Background: N-terminal brain natriuretic peptide (NT-proBNP) level is elevated in patients with acute and chronic heart failure. This study addresses whether NT-proBNP correlates with invasively measured hemodynamic parameters and whether a decrease of NT-proBNP over time correlates with invasively monitored hemodynamic improvement.
Methods and results: Twenty consecutive patients with acute exacerbation of chronic heart failure (New York Heart Association class III-IV) were included in this prospective study. NT-proBNP and hemodynamic measurements by balloon-tipped pulmonary artery catheter were performed simultaneously. Recompensation strategies included vasodilators, diuretics, and inotropes. The patients were divided in 2 subgroups. Group A, by definition, had a hemodynamic improvement over 24 hours with an increase of cardiac index of >30% and a decrease of pulmonary capillary wedge pressure of >30%. Group B did not show a hemodynamic improvement. Group A had a decline of NT-proBNP levels to 42% of the baseline value over 32 hours. In group B, the NT-pro BNP levels did not change significantly over 32 hours.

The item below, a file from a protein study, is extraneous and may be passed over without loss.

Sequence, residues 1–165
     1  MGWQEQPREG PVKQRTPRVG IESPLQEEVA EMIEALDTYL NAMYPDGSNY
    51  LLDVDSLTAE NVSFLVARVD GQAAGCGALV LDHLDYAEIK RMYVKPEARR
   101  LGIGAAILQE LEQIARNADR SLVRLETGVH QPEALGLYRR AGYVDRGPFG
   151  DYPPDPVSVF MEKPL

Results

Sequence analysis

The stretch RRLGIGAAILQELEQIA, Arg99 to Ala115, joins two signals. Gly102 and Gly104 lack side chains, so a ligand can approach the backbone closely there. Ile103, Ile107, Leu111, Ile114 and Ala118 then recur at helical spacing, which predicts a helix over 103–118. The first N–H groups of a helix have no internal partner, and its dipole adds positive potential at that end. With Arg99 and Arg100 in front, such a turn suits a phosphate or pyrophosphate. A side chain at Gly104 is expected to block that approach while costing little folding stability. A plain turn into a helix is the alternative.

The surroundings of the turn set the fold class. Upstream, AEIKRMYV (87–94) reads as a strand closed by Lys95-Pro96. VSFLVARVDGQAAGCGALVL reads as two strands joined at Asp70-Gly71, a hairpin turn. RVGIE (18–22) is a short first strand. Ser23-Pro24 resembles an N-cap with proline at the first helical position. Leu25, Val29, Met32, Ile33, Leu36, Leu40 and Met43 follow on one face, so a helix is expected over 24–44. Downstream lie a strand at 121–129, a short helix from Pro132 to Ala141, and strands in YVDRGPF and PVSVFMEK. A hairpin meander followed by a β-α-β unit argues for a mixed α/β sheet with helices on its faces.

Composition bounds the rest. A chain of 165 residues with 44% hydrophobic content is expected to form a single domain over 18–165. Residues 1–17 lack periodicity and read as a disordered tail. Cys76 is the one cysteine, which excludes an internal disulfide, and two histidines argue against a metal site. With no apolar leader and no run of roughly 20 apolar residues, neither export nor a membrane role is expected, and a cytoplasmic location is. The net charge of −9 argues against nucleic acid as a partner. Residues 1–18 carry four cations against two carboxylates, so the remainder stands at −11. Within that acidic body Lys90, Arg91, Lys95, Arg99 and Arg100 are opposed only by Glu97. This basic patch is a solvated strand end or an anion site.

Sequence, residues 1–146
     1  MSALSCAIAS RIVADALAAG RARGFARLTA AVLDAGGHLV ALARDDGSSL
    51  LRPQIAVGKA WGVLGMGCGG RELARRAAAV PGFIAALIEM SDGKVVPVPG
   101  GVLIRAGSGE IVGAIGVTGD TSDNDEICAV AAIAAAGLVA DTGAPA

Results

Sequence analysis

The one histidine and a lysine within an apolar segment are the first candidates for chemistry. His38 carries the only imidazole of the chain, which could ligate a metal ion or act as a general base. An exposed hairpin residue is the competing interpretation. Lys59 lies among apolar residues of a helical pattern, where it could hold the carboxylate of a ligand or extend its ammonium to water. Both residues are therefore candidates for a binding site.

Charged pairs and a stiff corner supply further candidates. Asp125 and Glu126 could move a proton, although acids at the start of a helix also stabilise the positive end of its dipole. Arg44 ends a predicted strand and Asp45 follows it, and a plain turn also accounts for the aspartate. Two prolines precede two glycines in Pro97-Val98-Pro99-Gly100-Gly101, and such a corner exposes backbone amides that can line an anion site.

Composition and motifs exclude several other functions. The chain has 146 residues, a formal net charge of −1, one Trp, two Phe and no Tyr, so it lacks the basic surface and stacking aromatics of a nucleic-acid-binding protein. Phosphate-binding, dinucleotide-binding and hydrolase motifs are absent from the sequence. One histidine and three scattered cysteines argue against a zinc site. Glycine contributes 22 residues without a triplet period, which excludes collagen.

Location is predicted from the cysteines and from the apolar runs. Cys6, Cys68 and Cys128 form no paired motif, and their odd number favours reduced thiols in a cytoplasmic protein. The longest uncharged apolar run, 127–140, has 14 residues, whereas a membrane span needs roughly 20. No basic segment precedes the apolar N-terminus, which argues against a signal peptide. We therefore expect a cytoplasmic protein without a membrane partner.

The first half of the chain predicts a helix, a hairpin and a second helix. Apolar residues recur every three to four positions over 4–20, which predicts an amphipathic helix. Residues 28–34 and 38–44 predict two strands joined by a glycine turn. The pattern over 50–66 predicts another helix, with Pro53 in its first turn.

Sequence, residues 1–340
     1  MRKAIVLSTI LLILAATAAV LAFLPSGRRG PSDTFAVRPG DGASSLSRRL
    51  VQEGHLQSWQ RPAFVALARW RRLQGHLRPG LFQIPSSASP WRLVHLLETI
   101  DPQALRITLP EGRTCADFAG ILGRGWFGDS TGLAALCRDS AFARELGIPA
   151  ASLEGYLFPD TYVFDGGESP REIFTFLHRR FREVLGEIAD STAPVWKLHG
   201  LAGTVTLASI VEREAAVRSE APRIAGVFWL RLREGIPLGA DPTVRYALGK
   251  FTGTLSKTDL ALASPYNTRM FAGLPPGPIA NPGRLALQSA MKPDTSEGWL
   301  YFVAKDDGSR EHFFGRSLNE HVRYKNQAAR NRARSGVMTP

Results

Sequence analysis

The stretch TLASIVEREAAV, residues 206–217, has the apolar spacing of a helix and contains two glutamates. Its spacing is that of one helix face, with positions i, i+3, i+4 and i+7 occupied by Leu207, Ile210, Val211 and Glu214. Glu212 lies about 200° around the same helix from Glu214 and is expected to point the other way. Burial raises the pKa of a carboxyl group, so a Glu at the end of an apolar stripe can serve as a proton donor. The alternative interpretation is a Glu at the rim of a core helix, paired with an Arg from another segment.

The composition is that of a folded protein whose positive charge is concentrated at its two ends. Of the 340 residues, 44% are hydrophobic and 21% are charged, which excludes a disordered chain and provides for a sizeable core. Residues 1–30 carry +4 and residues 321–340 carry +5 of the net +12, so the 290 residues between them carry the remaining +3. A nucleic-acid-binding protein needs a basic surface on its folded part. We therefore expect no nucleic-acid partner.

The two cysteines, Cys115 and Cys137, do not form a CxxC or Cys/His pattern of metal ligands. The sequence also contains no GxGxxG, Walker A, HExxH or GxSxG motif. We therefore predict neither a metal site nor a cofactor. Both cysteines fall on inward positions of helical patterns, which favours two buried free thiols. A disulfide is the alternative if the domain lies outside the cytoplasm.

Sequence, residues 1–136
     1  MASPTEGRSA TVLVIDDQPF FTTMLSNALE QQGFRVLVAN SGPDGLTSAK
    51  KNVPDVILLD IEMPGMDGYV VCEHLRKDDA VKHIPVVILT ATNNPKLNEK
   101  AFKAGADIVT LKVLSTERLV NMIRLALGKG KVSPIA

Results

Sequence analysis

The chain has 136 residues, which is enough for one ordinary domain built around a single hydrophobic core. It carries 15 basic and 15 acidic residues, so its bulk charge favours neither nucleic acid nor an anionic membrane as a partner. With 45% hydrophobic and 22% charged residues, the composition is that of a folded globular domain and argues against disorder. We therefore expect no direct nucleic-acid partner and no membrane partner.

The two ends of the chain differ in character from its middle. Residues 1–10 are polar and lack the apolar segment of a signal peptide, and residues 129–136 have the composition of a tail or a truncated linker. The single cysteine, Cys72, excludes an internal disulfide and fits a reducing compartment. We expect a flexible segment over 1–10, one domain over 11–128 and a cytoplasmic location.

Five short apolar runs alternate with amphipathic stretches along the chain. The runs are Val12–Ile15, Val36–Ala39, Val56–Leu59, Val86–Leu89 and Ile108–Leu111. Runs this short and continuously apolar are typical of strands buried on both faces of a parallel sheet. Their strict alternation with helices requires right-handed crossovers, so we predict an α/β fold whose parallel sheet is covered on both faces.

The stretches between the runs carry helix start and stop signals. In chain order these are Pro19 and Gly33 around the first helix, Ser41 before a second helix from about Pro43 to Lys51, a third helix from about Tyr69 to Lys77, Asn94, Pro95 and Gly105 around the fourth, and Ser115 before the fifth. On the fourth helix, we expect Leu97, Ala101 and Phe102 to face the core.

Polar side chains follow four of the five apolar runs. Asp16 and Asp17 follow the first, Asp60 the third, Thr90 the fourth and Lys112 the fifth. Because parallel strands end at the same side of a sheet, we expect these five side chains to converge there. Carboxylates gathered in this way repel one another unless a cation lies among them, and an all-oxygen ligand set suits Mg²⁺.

Conclusion: The decrease of NT-proBNP correlates with hemodynamic improvement in patients with decompensated heart failure. The relative changes of NT-proBNP seem to be a reliable diagnostic tool in monitoring these patients. There results have been confirmed in a larger patient group.